Your browser is no longer supported

For the best possible experience using our website we recommend you upgrade to a newer version or another browser.

Your browser appears to have cookies disabled. For the best experience of this website, please enable cookies in your browser

We'll assume we have your consent to use cookies, for example so you won't need to log in each time you visit our site.
Learn more

Barrow upon Soar bridge to fully reopen in 2017

Barrow upon Soar bridge repairs 3x2

Network Rail has confirmed that a bridge that partially collapsed over the Midland Main Line in Leicestershire will fully reopen early next year.

Grove Lane Bridge, which crosses four rail lines in Barrow upon Soar, suffered damage on 1 August. At the time of the incident, Paul McKeown, investment director for Network Rail said: “Our team was carrying out investigation work following reports of dips in the road at Grove Lane Bridge when the parapet wall partially collapsed.

“A full investigation is underway into the cause of the collapse.”

Although the railway reopened to passenger trains the following day, and the bridge reopened to pedestrians three weeks later, the long-term repairs to reopen the bridge to motorists have been carefully considered to minimise the disruption to both rail passengers and nearby residents.

Network Rail has confirmed plans have been drawn up to not only repair the bridge but also raise the parapets slightly to make it safe to carry the electrical wires that will form part of the Midland Main Line route upgrade, with the bridge to reopen fully in January 2017.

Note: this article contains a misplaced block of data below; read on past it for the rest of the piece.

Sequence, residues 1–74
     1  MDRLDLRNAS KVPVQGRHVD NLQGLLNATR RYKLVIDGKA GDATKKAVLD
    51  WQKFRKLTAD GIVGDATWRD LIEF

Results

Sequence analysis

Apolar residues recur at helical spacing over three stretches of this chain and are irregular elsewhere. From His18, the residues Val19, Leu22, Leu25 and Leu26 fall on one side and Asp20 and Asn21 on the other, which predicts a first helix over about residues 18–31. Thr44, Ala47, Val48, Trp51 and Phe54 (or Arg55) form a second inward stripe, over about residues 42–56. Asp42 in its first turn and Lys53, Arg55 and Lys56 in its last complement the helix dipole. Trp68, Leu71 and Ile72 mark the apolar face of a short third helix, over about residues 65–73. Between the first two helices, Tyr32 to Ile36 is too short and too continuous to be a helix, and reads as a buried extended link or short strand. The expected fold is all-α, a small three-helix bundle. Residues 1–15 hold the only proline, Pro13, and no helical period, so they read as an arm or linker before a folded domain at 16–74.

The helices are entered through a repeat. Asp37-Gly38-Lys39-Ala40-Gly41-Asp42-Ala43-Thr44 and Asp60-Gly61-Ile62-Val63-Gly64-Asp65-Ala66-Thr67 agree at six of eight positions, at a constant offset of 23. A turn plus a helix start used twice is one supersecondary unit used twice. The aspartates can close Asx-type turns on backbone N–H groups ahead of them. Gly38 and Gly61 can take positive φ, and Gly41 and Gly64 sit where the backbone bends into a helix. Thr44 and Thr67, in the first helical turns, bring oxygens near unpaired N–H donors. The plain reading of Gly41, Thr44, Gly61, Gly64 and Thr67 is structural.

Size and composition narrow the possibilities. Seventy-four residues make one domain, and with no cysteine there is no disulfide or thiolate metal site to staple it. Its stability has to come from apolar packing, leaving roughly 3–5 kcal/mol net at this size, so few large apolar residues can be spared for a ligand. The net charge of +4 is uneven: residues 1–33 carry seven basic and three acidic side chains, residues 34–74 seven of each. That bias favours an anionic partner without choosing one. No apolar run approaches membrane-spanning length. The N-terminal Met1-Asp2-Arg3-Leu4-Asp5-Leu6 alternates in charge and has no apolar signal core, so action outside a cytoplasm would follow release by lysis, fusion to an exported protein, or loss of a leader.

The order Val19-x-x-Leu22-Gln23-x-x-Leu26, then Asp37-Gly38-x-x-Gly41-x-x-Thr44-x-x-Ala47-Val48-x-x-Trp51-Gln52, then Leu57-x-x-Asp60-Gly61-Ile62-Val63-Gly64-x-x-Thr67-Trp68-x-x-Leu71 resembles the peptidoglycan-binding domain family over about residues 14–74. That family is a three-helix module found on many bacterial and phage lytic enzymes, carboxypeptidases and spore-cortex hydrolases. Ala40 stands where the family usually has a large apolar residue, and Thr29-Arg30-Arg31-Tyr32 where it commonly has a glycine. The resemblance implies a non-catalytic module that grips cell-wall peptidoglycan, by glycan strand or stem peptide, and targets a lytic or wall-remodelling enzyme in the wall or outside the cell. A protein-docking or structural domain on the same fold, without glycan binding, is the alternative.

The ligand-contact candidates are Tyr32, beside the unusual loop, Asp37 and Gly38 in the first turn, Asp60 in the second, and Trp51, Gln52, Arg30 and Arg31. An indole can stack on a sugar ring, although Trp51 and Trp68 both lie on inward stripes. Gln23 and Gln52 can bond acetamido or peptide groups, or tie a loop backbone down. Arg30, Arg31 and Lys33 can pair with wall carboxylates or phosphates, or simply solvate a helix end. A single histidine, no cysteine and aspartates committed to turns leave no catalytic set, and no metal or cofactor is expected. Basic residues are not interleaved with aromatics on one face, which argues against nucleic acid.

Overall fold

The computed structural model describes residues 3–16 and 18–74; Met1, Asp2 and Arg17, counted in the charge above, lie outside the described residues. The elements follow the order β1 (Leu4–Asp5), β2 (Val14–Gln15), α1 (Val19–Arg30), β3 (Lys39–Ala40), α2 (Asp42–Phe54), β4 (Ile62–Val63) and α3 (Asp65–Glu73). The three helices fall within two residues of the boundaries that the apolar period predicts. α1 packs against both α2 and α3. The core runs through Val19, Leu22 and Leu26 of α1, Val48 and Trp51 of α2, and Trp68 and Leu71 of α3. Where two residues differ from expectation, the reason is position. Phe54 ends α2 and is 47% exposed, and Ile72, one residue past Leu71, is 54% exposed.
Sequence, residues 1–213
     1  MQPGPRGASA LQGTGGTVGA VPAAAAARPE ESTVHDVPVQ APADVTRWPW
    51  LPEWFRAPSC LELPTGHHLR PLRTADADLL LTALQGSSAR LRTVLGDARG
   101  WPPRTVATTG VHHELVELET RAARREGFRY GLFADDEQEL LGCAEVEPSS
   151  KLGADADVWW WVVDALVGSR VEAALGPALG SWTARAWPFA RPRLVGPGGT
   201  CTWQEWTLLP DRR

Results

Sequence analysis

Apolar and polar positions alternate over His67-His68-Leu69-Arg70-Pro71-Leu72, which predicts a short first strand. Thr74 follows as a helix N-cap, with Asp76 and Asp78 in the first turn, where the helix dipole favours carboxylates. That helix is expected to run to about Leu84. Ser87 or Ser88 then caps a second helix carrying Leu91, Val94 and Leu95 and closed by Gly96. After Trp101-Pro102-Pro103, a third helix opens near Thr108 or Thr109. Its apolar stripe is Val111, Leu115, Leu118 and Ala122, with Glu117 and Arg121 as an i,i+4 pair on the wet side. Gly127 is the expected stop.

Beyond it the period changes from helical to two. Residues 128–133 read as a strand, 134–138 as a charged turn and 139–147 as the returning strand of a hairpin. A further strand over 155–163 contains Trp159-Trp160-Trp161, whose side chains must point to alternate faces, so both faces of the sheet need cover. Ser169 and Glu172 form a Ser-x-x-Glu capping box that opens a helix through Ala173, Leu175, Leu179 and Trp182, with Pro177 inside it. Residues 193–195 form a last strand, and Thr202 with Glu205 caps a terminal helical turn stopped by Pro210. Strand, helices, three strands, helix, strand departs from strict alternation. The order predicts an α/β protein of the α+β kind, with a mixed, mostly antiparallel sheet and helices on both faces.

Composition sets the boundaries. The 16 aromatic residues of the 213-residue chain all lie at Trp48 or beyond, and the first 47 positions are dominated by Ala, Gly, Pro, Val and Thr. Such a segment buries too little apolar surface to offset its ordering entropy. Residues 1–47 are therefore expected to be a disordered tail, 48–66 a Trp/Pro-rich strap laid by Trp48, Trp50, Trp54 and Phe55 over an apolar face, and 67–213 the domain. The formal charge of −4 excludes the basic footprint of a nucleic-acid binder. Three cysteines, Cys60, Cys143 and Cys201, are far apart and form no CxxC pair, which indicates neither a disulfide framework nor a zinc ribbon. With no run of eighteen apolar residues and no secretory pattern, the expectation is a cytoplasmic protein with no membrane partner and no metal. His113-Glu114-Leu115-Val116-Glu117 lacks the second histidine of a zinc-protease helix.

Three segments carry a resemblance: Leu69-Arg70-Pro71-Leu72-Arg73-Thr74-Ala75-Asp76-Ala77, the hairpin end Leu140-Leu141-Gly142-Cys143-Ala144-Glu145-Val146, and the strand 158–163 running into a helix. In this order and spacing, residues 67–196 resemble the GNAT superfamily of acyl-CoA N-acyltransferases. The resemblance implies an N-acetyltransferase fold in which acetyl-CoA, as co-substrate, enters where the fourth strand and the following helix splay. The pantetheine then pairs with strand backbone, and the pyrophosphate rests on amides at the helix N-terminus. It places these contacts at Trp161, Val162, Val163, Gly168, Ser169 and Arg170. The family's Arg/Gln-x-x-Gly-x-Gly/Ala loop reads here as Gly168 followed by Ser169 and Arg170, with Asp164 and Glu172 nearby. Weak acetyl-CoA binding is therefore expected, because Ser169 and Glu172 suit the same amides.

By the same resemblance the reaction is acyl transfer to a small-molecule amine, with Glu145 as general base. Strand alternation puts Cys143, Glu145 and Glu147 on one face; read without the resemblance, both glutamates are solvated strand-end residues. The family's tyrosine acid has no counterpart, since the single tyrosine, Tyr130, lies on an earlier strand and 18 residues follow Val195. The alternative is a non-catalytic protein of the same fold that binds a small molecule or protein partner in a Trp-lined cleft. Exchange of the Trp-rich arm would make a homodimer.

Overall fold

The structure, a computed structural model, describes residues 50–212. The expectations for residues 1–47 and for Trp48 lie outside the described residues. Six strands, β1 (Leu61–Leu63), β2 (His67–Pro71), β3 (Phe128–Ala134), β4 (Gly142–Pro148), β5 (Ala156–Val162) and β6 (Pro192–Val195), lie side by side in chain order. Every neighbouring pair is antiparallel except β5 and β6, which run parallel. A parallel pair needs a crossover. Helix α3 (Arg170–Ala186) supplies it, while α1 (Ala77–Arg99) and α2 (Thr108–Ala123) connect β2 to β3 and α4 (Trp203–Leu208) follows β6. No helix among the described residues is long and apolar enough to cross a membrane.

The parapet adjustments will mean no further disruption will be necessary in years to come.

Plans to raise the parapets are currently being discussed with Leicestershire County Council.

“The plans we have put forward for Grove Lane not only make it safe for vehicles but also future-proof the bridge for electrification which is part of our Railway Upgrade Plan for Leicestershire,” said Network Rail area director Gary Walsh.

“Doing this work now means we won’t need to come back in the future and create further disruption. We’ll continue to speak regularly and openly with residents about any noise and night time work that is likely, as well as to passengers about any changes to train times.”

Readers' comments (1)

  • Two people were seating over the running rail without a helmet, another few were standing or stepping over the running rail. A bloke was standing between the RRV and the skip. Anything else?

    Unsuitable or offensive? Report this comment

Have your say

You must sign in to make a comment

Please remember that the submission of any material is governed by our Terms and Conditions and by submitting material you confirm your agreement to these Terms and Conditions. Please note comments made online may also be published in the print edition of New Civil Engineer. Links may be included in your comments but HTML is not permitted.